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Civic Space: Defending Activists and Journalists

ARCHIVAL – For Historical Reference




On 19 September 2018, our team held a public consultation on how to represent the theme of defending defenders in OGP’s upcoming flagship report. (For more background and justification, see here.) Our aim was to present our preliminary research and to hear what we were missing, who we should talk to, and how we should frame the topic. The goal of this page is to summarize what we learned and to establish another channel for feedback.

What we heard from you:

What would be useful from us

  • Highlight that every country should make commitments around open data on killings and harassment (it should not be the responsibility of CSOs to collect info)
    • Highlight gaps in data coverage in OGP countries, and why they exist
    • Look into data-gathering process (particularly for sexual harassment / assault), which can be sensitive and should not be a tick-the-box process
  • Measure engagement with companies, as many threats come from them, especially as it relates to natural resources
  • Set minimum standards for civic space in OGP countries
  • Measure government support, i.e. highest level of government to express support for these principles, to help activists gauge political situations and political will
  • Identify access to justice commitments that are relevant to defending defenders
  • Compare OGP and non-OGP countries compare data-wise regarding protection of journalists and human rights defenders
  • Identify norms and regulations that indirectly protect civic space


  • Global Witness’ work on killings of environmental activists is commonly cited
  • OHCHR tracks killings of journalists and activists using sources such as Frontline Defenders, Business and Human Rights Resource Centre, and Global Witness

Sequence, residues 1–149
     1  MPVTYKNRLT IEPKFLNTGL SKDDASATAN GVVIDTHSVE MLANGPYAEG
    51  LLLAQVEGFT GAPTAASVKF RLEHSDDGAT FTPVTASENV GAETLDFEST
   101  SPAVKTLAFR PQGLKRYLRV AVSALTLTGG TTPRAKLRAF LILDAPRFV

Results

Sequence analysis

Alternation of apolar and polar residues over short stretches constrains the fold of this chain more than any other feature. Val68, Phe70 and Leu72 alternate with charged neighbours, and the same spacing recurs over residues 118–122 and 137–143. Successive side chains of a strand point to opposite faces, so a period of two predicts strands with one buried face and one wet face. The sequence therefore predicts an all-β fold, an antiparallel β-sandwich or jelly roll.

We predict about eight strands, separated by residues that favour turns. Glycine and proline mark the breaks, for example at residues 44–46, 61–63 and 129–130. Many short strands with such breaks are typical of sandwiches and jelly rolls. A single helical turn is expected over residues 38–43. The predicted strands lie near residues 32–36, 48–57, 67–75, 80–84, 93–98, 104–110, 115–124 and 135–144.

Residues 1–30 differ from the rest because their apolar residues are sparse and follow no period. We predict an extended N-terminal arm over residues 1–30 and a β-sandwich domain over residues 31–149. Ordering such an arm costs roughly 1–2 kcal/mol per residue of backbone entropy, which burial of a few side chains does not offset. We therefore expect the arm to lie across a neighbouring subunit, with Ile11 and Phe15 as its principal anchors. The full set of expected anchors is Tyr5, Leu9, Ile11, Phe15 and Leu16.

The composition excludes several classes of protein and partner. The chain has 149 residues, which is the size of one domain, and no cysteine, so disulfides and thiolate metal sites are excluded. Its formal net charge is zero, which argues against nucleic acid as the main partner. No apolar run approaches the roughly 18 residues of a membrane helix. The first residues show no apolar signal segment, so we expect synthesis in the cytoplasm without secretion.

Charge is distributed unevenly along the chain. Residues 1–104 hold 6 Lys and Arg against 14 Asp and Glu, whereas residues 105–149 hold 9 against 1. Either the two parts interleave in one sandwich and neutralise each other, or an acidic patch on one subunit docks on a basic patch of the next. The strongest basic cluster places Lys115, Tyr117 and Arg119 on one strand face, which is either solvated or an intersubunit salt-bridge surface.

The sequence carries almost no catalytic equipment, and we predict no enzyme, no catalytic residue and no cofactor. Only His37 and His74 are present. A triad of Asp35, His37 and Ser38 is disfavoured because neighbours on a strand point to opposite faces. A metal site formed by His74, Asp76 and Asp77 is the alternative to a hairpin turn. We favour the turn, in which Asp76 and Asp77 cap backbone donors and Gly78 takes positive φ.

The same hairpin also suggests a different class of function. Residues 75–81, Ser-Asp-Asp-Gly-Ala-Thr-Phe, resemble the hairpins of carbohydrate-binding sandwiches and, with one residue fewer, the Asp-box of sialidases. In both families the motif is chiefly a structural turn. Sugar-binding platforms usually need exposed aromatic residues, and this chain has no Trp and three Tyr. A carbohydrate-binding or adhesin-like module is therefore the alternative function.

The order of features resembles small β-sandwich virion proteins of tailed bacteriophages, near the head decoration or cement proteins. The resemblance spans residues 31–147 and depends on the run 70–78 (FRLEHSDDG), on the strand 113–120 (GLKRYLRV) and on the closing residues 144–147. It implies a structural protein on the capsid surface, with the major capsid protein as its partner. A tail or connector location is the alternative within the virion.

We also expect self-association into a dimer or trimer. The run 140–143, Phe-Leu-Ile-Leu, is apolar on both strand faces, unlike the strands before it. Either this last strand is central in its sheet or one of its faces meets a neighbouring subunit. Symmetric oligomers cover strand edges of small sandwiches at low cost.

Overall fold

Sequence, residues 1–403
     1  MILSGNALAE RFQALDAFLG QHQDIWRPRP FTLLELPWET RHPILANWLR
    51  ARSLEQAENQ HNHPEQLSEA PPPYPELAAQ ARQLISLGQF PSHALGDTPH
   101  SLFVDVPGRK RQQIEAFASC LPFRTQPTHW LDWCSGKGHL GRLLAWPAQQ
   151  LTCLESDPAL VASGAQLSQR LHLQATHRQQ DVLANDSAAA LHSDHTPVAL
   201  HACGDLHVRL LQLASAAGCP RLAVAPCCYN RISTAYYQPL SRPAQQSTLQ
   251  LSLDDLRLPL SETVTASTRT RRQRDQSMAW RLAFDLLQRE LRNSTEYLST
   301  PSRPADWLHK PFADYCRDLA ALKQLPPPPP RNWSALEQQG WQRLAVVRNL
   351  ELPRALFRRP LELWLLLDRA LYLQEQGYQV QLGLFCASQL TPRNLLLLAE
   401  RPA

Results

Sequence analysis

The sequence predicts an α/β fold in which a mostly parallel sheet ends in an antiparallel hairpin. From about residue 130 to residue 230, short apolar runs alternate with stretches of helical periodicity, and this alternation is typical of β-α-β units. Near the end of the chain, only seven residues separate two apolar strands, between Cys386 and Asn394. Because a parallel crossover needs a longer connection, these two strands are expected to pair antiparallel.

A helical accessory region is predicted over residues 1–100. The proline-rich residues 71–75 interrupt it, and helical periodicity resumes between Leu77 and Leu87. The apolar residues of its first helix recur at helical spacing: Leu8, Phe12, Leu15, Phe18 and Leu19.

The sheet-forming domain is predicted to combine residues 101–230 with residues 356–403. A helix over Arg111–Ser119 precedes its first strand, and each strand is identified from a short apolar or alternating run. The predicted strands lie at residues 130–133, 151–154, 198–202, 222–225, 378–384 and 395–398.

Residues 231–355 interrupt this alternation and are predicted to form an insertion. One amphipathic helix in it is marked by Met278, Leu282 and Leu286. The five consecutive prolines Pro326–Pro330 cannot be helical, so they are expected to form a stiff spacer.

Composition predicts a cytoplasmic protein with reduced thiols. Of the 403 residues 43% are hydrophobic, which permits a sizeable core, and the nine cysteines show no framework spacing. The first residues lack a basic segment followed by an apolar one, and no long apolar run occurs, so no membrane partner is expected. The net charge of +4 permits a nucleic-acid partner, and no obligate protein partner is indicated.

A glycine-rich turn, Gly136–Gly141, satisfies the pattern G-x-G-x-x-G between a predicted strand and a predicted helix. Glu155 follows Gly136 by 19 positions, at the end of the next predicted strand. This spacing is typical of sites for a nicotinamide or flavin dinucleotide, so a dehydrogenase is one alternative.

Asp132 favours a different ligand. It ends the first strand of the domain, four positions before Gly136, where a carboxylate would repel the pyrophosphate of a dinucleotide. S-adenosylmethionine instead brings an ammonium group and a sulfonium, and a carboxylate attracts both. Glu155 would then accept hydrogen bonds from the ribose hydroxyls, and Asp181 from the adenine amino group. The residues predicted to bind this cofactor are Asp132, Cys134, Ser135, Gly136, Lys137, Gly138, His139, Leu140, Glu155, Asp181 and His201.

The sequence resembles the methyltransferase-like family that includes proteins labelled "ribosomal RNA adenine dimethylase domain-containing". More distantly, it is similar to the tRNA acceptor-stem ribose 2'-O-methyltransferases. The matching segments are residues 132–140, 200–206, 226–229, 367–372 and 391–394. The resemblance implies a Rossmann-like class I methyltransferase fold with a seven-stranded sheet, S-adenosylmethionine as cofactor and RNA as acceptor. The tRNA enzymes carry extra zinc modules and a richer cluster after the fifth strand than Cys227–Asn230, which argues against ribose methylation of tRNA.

• Business and Human Rights Resource Centre data focuses on defenders working for corporate accountability, business, and human rights using sources such as Global Witness, Frontline Defenders, CIVICUS, Amnesty International, and OMCT
  • Regional datasets such as UDEFEGUA, IM-Defensoras, FORUM-ASIA, Somos Defensores, LabourStart, Pan-African Human Rights Defenders Network (with sub-regional networks), Defend Defenders, African Coalition on Corporate Accountability, and Aliansi Jurnalis Independen (AJI) Indonesia
  • View of defenders on the ground is a good way to assess the situation as data will not provide a complete picture, which goes beyond killings and includes smear campaigns, digital surveillance, and harassment, much of which is not reported
  • World Press Freedom Index by RSF if looking at journalists

Important issues for us to consider:

Strategic lawsuits against public participation (SLAPPs)

  • Greenpeace and EarthRights International are working with E-Law, CIVICUS and others to research this issue, track stigmatization, and build a dataset
  • SLAPPs use the civil system and civil lawsuits to harass journalists and activists
  • SLAPPS are often used in combination with other tactics, depending on which instruments are available in a given jurisdiction